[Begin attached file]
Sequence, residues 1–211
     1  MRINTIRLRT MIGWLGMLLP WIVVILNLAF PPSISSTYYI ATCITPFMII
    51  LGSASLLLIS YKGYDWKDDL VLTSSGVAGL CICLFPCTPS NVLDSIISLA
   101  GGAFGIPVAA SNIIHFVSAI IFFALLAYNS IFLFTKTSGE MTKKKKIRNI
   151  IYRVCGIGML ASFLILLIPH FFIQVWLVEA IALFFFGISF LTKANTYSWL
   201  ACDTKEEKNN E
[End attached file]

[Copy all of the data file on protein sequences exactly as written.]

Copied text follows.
Sequence, residues 1–211
     1  MRINTIRLRT MIGWLGMLLP WIVVILNLAF PPSISSTYYI ATCITPFMII
    51  LGSASLLLIS YKGYDWKDDL VLTSSGVAGL CICLFPCTPS NVLDSIISLA
   101  GGAFGIPVAA SNIIHFVSAI IFFALLAYNS IFLFTKTSGE MTKKKKIRNI
   151  IYRVCGIGML ASFLILLIPH FFIQVWLVEA IALFFFGISF LTKANTYSWL
   201  ACDTKEEKNN E